The good King takes this all in stride, and doesn’t seem as bothered by the threat to his life as he is by the fact that he’s not done with this debate. Jung Ki-joon is almost giddy as he tells Sejong that there’s nothing to be done. This is what happens when the balance of power is skewed. Since he believes these are Sejong’s last moments, he informs him that he plans to kill everyone who knows the alphabet and burn everything related to it. With that, he bids the King farewell and gives the silent order for Pyung to deliver the killing blow…
…But then Chae-yoon arrives, holding a sword to Jung Ki-joon’s neck. He finds out that the man he once staked everything to save from prison is Jung Ki-joon, which he registers like the champion that he is. Even though Jung Ki-joon knows that he will be killed by Chae-yoon if Pyung kills the King, he purposefully goads Chae-yoon into striking first so Pyung will be free from his guilt in order to strike Sejong down… something that Pyung is refusing to do, because Jung Ki-joon’s safety is his first priority. Everyone is at a stalemate, and just as it looks like Chae-yoon is about to give into his anger and kill Jung Ki-joon, So-yi stops him.
I kind of love how So-yi turns into The Mom/The Voice of Reason for all the boys involved. It’s her words alone that allow both Pyung and Chae-yoon to discard their swords at the same time – something that makes Jung Ki-joon very, very unhappy. Once they’re taken care of, our heroine turns to Mu-hyul and Gae Pa-yi and orders them to do the same. Eventually, everyone disarms themselves and the standoff is (temporarily, at least) resolved. Everyone gets to go home for now (with parting promises of future alphabet-promulgation-blocking by Jung Ki-joon). How awesome is she?
Jung Ki-joon’s biting words about Sejong’s motives in creating the alphabet are weighing heavily on him, but he didn’t make it out of the debate without giving his nemesis food for thought either. When Han Ga goes to him with the message that Prince Gwangpyeong has gone to Gaeseong (located in modern-day North Korea, it was once the capital of the Goryeo Dynasty before it was moved to Hanyang when Joseon was established) on a secret printing mission and asks if he wants to send Pyung to take care of it, Jung Ki-joon seems distant even as he agrees. He’s caught up on something Sejong said in the debate.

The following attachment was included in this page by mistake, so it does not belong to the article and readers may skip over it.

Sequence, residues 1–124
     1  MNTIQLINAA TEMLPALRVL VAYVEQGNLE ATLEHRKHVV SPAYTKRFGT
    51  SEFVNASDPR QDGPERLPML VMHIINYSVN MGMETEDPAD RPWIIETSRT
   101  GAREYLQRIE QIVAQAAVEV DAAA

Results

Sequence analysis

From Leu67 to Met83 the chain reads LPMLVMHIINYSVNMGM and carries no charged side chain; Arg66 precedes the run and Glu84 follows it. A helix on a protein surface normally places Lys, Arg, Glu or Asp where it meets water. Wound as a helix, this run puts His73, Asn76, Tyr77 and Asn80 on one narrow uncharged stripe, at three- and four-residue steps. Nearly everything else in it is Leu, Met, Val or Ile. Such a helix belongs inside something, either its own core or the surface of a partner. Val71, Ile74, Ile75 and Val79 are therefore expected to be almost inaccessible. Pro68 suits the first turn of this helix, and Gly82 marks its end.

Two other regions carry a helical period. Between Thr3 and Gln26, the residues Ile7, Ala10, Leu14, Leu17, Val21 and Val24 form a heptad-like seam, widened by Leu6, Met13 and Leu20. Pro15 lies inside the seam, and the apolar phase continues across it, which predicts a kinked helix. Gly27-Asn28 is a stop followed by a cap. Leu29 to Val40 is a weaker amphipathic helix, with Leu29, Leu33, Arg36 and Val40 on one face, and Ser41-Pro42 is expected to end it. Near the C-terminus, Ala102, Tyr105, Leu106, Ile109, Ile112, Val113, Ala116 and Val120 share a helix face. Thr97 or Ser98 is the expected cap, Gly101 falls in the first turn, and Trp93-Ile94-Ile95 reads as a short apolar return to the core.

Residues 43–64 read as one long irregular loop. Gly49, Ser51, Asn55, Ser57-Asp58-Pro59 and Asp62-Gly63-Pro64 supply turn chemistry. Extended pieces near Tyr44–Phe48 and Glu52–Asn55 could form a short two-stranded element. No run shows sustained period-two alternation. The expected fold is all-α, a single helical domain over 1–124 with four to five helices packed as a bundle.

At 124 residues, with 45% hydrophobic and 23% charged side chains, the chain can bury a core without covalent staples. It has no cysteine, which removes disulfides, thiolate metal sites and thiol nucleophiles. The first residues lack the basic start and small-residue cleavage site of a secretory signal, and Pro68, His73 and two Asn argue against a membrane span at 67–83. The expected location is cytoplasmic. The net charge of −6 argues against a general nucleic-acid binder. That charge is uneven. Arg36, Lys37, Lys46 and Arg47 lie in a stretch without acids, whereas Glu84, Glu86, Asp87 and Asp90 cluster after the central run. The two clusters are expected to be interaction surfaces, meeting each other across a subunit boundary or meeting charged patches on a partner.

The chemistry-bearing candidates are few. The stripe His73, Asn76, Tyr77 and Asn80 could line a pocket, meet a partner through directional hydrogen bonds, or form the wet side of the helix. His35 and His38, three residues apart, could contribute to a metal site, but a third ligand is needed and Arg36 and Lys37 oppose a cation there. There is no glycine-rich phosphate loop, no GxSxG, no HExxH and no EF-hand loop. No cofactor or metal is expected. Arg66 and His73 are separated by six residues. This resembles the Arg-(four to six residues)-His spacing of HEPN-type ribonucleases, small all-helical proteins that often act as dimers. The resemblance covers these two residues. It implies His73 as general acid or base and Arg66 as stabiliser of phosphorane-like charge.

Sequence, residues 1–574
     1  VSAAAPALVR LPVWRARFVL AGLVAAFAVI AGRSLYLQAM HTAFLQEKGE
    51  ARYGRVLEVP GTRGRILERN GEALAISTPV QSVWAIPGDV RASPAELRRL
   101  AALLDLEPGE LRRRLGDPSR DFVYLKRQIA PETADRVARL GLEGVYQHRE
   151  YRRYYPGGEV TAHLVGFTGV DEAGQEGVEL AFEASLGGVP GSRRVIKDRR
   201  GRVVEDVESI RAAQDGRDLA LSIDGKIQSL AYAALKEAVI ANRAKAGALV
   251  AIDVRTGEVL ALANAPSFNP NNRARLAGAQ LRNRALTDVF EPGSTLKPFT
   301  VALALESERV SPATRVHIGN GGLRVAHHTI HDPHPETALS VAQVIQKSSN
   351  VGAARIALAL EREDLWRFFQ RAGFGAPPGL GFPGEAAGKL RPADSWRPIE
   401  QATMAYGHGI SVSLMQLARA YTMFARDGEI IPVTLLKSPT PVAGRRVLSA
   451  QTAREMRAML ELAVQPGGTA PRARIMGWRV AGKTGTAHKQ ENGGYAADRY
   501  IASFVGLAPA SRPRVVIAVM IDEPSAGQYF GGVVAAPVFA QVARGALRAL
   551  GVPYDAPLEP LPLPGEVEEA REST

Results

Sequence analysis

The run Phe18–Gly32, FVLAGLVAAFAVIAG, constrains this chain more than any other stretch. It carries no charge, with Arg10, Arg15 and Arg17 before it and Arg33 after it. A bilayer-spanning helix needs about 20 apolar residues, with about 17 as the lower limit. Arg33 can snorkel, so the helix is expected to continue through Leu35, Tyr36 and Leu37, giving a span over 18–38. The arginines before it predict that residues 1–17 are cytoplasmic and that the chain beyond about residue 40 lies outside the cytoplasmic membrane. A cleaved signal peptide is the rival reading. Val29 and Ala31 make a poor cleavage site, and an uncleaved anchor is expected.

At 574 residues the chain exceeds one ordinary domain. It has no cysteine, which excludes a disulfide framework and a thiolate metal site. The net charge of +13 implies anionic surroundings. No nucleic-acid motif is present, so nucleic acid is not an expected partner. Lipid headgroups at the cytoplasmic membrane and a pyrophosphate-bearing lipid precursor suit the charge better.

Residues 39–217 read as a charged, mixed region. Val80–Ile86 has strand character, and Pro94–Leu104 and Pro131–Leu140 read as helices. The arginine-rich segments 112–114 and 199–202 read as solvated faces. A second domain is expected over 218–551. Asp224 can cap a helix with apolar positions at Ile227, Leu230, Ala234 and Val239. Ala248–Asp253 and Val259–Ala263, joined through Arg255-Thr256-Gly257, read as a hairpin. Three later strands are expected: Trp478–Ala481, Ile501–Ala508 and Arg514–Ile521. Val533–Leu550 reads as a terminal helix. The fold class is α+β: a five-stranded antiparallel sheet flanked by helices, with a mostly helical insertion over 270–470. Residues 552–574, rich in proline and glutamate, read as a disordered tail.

If the ideal of Buddhism is for everyone to be Buddha, then the ideal of Neo-Confucianism is for everyone to be junzi (a term that was changed by Confucius from having a political connotation to a moral one, literally meaning someone worthy of high station by virtue of their moral achievement). So if the people were to learn writing, then would they better be able to achieve Neo-Confucian order? This is extra interesting, because Jung Ki-joon actually seems to be rethinking his stance.
With soldiers unable to enter Ban Chon without the explicit sanction of the King, Chae-yoon and Mu-hyul go to Sejong to ask for it. Like his nemesis Jung Ki-joon, Sejong seems preoccupied with his thoughts and gives only a half-hearted agreement. But this is all the agreement Chae-yoon and Mu-hyul need, and with that order Ban Chon devolves into pure chaos as royal troops infiltrate and tear everything apart, looking for any sign of Hidden Root.
Though the word reaches every corner of the palace, no one seems explicitly against the raid. Ban Chon may be off limits, but not when they’re harboring a secret society bent on killing the King.
Word reaches the Prime Minister, who wonders why Jo Mal-saeng is never around during times like these. They say something about his illness having relapsed (I know, news to me too), and that he didn’t report to the palace for work today.
But we find Jo Mal-saeng looking no worse for the wear as he enters his home, going on high alert the moment he hears a strange sound. He knocks down the folding screen in his room to find none other than Lee Bang-ji, who looks like he’s already got one foot in the next world. He collapses immediately, and Jo Mal-saeng attempts to revive him (shaking a man who’s near-death and injured by the shoulders is a surefire method).
The prison is experiencing overflow thanks to the Ban Chon raid, and Chae-yoon has called So-yi to the prison. She’s unhappy to meet there and tells him as much (presumably because of her previous bad experience in prison as a child), but he’s brought her there for a reason. The little girl who’d befriended Gae Pa-yi, YEON-DOO, just ends up crying if he asks her any questions. He wants So-yi to ask instead, because she’ll be less frightening.
So-yi agrees, but only on the condition that they release Yeon-doo from prison. She’ll be too scared to answer otherwise. Chae-yoon’s a big softie at heart, and he allows it – but not before asking So-yi how she’s doing. She replies that she’s apprehensive, because Sejong isn’t giving orders as fast as he should considering that Prince Gwangpyeong is fighting on his own right now.
Speaking of Gwangpyeong, we find him in Gaeseong discussing printing blocks. The man he’s meeting with has already made a copy of a book using printing blocks made with Hangul. And we finally get a mention of his brother, Prince Suyang (who’s apparently helping on the process, and who later becomes King Sejo, the seventh king of Joseon).